For Katie, being out on the water provides a much-needed escape from what can be a very hectic work life.
"You just have to make that time," she explains. "I think in some ways it is good that it is all forecast-based because it makes you very good at maximising your time.
"You look at your week and see that the forecast is looking good for Thursday so you work your butt off all week and take Thursday off and you know it is your one day out there, so you really enjoy it and make the most of it.
"Somehow the two areas [Katie's medical career and her watersports] work really well together," Katie adds.
"Even for my own mental health, it has been great to have something outside of medicine because it is quite a rat race, it is intense and there is a lot of career pressure, so it is lovely to have that interest outside of it."
Katie is acutely aware of the importance of nutrition. However, she admits that it can be a challenge. "Doctors are often very unhealthy," she laughs. "We try to be examples of health, but often we are the same as everyone else. We love to snack.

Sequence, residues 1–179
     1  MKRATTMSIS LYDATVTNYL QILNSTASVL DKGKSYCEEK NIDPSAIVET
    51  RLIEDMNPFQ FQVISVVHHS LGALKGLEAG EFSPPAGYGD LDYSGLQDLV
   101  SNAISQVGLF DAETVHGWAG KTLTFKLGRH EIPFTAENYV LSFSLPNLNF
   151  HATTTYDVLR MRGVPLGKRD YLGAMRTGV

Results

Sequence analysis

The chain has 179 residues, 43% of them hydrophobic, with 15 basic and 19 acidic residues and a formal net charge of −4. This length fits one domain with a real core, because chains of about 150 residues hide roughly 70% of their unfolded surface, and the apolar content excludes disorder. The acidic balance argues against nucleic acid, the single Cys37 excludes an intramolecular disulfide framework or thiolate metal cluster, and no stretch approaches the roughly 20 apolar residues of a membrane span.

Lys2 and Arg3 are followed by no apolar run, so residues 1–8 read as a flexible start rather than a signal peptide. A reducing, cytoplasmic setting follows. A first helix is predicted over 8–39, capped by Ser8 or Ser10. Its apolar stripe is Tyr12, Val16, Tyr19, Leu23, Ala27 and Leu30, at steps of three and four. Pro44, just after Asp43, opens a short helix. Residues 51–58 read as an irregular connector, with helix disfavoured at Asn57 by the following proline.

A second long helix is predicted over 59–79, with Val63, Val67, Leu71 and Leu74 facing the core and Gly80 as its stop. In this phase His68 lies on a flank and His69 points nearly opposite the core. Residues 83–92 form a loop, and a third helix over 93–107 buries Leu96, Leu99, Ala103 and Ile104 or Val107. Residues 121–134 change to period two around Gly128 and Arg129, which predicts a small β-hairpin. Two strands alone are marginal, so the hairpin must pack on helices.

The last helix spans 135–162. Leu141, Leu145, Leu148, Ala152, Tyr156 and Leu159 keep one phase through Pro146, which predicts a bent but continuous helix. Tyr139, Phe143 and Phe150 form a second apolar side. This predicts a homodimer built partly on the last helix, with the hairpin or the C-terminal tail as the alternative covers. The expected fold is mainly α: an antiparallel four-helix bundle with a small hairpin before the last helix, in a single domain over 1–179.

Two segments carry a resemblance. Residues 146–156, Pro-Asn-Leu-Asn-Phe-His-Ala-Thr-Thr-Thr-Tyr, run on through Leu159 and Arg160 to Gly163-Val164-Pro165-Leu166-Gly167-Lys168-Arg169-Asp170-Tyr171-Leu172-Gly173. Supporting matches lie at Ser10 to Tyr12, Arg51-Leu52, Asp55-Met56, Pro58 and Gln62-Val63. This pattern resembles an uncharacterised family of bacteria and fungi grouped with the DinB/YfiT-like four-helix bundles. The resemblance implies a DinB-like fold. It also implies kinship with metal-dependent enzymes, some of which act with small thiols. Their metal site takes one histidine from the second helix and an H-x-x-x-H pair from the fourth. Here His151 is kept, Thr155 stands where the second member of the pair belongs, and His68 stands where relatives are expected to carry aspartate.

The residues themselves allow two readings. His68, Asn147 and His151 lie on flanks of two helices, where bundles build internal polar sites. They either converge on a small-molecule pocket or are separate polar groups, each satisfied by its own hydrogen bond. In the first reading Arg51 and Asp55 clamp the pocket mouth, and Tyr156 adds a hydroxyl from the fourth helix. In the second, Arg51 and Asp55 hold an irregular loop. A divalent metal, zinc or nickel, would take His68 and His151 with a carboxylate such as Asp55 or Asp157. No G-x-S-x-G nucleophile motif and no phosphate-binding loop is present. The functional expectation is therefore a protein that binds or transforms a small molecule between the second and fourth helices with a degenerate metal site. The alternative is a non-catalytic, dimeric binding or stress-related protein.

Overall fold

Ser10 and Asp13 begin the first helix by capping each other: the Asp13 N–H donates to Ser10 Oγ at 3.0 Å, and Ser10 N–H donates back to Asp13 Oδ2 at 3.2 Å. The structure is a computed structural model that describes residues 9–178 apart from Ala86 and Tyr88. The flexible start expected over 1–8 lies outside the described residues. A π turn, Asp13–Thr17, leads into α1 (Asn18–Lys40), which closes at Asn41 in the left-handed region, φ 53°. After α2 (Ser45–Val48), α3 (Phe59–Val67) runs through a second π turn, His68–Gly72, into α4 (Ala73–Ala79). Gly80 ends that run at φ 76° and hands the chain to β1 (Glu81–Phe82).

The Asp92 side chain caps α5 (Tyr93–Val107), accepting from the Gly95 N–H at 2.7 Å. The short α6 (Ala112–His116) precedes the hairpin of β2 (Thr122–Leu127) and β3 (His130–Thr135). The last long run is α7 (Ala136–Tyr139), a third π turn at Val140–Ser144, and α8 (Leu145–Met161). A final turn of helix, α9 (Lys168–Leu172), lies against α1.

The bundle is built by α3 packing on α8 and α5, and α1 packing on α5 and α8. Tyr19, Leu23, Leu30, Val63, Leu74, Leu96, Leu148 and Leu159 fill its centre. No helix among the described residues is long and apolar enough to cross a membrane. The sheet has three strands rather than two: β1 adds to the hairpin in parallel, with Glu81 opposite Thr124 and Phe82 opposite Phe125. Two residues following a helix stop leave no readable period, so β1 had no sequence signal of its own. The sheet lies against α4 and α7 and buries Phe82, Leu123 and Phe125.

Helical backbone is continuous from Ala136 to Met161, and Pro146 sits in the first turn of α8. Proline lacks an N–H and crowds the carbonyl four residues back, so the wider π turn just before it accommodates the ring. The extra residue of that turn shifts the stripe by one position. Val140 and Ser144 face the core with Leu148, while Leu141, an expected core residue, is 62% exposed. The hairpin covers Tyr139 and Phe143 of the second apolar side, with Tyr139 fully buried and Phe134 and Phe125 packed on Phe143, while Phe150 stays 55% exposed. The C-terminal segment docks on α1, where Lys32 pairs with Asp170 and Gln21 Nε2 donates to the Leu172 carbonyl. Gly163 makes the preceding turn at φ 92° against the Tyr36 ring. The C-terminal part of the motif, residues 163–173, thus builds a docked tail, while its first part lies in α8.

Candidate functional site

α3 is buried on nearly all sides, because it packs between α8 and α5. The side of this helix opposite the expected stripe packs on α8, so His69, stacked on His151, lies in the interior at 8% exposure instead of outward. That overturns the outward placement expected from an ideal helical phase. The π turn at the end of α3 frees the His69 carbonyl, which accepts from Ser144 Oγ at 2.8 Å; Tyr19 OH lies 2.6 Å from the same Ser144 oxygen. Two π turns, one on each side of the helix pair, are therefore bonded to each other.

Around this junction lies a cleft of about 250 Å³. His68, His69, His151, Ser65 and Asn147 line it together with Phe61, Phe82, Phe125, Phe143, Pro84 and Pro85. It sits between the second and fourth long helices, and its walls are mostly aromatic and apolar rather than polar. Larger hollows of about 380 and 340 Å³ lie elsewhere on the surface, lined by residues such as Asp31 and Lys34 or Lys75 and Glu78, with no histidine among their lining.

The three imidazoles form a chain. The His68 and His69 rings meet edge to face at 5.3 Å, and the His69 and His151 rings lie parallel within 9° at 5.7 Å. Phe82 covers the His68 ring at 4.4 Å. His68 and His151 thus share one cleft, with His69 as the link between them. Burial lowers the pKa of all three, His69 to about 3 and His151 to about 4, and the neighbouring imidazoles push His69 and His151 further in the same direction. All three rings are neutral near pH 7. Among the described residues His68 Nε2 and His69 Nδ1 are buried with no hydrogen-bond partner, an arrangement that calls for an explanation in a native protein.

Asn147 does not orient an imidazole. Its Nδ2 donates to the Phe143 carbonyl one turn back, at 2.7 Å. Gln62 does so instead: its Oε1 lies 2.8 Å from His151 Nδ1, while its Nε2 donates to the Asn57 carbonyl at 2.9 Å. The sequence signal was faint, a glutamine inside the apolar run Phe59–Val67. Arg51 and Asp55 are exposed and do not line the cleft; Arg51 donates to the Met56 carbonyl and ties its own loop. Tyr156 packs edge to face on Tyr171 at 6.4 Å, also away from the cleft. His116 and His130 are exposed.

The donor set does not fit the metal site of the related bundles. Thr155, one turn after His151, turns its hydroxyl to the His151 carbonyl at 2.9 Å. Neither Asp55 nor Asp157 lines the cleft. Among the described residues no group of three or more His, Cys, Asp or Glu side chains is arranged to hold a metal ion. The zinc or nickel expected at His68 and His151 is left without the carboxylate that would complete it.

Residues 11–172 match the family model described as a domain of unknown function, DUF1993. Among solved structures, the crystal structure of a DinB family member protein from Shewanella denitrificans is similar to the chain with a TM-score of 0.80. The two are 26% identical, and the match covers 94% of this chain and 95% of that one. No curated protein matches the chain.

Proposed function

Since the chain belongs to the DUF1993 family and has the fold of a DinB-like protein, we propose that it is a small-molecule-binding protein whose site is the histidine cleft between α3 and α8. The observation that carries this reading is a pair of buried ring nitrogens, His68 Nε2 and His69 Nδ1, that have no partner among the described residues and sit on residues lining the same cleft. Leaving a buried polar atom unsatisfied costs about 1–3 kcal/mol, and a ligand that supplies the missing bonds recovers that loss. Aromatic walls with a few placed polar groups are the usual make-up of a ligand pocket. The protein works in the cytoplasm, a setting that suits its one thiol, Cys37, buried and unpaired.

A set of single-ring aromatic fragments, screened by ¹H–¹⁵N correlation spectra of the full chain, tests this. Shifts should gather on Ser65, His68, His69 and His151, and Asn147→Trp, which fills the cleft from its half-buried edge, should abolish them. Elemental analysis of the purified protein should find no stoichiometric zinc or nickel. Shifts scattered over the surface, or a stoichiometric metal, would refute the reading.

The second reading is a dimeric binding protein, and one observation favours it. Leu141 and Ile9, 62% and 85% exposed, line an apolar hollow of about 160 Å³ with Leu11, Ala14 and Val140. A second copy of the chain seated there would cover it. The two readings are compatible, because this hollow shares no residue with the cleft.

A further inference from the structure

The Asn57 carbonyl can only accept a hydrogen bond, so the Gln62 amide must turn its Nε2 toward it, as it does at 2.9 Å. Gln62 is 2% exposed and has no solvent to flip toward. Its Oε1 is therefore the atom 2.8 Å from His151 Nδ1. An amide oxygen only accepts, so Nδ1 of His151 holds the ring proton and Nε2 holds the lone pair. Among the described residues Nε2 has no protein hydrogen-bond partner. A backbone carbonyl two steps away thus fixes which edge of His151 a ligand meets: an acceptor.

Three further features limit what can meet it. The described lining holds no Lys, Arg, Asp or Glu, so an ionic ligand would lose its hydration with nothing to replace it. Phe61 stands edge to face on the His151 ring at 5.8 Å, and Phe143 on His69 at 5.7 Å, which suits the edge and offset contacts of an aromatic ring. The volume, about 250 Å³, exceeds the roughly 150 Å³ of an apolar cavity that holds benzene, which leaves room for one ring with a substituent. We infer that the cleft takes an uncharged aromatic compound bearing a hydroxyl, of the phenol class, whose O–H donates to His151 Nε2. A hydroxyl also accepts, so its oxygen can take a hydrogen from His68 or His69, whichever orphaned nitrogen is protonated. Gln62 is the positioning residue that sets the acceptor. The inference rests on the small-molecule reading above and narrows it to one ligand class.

"My mum is an amazing cook and she is really into nutrition, so I have been lucky that I have always been surrounded by that, but I love my sweets too.
"I am not regimental with my diet; I just live by the rule that if it feels good eat it. I know it's such a cliché, but it is all about moderation, there is nothing I would say no to."
Despite having visited some of the world's most beautiful beaches, Katie believes that we have some of the best surf and beaches right here in Ireland.